We slip around the edge of Aabenraa Fjord, pondering the improbable arrangement of letters which conspires to throw the Danish town of Aabenraa to alphabetical prominence. Then we head east along a peninsula which juts into the Baltic towards the islands of Als and Ærø. We continue alliteratively through a medley of villages that mark these eastern marches of Jutland: through Tumbøl to Tråsbøl and on through Bovrup and Blans.
Modernity has robbed Als of its island status. It is linked to the mainland by two bridges. But happily there is still a car ferry, so we opt for that. A dozen minutes on deck in a salty Baltic gale bring us over the sea to Als. We meander through tiny lanes that divide fields with thick, heavy soil. “Pigs and plums,” confides a man whom we meet on the gentle slopes of Høgebjerg, at 81 metres the highest summit on the island. If pigs and plums were once the staples of the Als economy, there is scant evidence of that today.
Høgebjerg is no mighty mountain, but its modest elevation is sufficient to afford fine views in all directions. Away to the south, over on the far side of Sønderborg Bay, is Angeln — nowadays part of Germany, but a region that has left a wider mark upon Europe. It was from this fragment of Baltic territory that the Angles moved west from the fifth century onwards to settle in England, creating the kingdoms of Northumbria, Mercia and East Anglia.
Looking north-east from Høgebjerg, the view across the water is to the Danish island of Fyn — so bustling a region nowadays, so well-connected to the mainland and other large Danish islands, that few foreigners even notice it is an island. Danes know better of course and — as a nation that values islands — there are still many Danes who prefer to take the ferry to Fyn rather than speed over one of the bridges that connect Jutland with Fyn. So the regular ferry to Fyn, from the appropriately named port of Fynshav, does busy trade.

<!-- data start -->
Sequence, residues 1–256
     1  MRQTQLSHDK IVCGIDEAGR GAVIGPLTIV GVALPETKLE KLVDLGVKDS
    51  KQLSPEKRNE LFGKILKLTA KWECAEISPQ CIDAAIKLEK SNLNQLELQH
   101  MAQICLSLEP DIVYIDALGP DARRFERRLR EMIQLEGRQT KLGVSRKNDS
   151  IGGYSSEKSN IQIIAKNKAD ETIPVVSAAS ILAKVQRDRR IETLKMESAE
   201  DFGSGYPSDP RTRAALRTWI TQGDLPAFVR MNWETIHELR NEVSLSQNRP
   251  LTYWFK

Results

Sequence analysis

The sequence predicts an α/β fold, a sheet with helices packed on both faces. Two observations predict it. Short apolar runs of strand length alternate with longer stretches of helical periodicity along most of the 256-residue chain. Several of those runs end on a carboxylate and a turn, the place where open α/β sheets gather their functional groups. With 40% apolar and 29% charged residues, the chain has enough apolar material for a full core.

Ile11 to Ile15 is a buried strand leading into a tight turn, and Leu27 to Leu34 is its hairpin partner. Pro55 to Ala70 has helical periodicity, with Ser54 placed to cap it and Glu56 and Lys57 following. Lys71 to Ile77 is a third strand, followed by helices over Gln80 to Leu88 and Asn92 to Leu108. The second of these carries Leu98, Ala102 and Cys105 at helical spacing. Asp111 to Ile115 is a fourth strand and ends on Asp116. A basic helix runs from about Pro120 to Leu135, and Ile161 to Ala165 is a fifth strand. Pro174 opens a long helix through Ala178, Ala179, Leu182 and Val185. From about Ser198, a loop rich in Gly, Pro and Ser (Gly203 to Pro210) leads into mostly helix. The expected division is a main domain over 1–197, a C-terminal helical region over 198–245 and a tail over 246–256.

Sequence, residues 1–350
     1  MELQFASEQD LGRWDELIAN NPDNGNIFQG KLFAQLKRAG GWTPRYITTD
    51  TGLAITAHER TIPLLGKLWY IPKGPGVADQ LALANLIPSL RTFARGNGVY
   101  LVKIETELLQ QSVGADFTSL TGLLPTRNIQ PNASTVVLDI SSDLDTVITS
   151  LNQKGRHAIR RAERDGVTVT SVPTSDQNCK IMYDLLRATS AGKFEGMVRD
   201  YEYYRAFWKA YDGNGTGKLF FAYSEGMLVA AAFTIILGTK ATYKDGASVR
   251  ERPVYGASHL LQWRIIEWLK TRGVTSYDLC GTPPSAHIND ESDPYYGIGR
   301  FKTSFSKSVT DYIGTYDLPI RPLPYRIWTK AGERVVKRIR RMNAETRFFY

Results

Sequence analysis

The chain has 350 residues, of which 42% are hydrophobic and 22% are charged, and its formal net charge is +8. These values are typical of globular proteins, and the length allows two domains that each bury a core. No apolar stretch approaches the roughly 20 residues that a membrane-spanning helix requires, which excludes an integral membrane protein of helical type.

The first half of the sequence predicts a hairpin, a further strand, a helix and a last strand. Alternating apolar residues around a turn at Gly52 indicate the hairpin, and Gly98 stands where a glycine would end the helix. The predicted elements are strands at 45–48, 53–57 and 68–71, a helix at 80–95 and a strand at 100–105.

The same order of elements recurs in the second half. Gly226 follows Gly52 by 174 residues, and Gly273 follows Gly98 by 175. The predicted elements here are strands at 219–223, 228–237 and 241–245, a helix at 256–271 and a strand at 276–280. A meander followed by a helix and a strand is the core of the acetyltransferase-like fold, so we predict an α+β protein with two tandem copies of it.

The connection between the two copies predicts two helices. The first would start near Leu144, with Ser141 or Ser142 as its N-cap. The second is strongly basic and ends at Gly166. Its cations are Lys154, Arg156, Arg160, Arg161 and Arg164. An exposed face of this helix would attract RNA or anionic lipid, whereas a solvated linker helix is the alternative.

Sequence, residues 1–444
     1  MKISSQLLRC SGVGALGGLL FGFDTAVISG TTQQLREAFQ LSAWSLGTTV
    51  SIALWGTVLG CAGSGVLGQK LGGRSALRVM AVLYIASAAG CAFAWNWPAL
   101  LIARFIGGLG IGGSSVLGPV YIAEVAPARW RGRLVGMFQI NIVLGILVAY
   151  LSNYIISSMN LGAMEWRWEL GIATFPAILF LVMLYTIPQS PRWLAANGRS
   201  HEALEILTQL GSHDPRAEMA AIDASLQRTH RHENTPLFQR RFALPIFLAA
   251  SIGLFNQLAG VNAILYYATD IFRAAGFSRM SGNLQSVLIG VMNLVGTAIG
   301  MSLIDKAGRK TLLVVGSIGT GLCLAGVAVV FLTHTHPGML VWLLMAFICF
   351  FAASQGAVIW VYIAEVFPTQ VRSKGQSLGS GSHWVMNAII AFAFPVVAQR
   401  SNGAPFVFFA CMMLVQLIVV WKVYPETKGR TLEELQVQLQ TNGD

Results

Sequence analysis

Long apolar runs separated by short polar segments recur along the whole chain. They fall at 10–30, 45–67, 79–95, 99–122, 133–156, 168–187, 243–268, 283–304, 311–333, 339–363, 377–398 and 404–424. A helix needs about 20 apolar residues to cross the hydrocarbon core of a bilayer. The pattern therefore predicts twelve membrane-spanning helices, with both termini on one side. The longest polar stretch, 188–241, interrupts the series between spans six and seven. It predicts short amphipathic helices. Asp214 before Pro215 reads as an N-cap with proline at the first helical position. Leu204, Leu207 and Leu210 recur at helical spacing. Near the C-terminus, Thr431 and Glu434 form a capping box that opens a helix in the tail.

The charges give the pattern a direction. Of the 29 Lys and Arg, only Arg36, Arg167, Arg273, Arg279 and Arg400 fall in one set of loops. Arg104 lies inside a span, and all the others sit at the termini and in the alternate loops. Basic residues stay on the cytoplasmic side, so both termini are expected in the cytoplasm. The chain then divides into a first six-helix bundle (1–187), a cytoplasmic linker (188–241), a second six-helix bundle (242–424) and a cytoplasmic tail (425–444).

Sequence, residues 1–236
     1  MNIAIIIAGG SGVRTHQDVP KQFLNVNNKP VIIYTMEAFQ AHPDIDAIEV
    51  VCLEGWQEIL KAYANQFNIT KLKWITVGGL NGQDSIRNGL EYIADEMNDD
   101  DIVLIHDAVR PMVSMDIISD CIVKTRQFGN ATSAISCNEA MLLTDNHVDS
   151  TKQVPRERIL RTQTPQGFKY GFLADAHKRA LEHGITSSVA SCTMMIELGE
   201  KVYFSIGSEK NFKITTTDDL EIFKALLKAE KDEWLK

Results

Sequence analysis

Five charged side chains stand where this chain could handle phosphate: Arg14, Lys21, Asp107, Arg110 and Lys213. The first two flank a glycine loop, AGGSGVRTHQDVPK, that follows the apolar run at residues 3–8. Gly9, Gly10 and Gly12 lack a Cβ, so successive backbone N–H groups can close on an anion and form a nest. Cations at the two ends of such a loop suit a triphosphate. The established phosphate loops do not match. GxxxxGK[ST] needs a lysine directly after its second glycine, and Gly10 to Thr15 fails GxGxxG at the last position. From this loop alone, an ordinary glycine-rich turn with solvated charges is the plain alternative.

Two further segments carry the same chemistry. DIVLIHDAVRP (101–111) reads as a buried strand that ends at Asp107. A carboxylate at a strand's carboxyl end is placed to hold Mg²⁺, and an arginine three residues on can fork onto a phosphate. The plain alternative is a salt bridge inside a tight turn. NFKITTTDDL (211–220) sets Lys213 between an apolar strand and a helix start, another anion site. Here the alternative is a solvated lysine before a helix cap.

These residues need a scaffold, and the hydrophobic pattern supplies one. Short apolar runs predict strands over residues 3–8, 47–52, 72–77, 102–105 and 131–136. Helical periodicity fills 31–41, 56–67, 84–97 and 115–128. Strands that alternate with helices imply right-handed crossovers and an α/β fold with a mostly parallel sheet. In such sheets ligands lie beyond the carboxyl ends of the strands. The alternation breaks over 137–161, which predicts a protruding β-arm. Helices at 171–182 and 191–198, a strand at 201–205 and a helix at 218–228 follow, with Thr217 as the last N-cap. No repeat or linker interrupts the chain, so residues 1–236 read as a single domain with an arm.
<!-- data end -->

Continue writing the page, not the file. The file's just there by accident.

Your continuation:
But of all the views from the top of Høgebjerg, there is one in particular that draws the eyes. That is to the east, across the Baltic, where a lone shaft of sunlight brightens an otherwise dreich day and pinpoints the lighthouse that marks the northern extremity of the island of Ærø.
Ærø beckons, so we slip down to Fynshav, just a couple of kilometres away, to enquire about the ferry connections to Ærø — only to discover that Ærø does not figure prominently in the local imagination. The modern ferry terminal on the quayside is a concrete and glass concession to the trickle of foot passengers who still use ferries. Nowadays most travellers are attached to their cars and have no need of quayside waiting rooms.
Fynshav, it turns out, was created for Fyn — to which it is linked by a dozen ferries a day. The information desk in the depopulated ferry terminal is closed, but a sign indicates that, even when the office is open, travellers should not even think of mentioning Ærø. “We have no information on the boat to Ærø,” advises a multilingual notice.
But the boat does indeed run twice or thrice daily all year round, and within a couple of hours we are on board the M/F Skjoldnæs on our way to her home port of Søby on Ærø. For five years, the Skjoldnæs has plied the route from the island of Als to the island of Ærø, taking her name from the headland that, with its lighthouse, defines the northernmost tip of Ærø.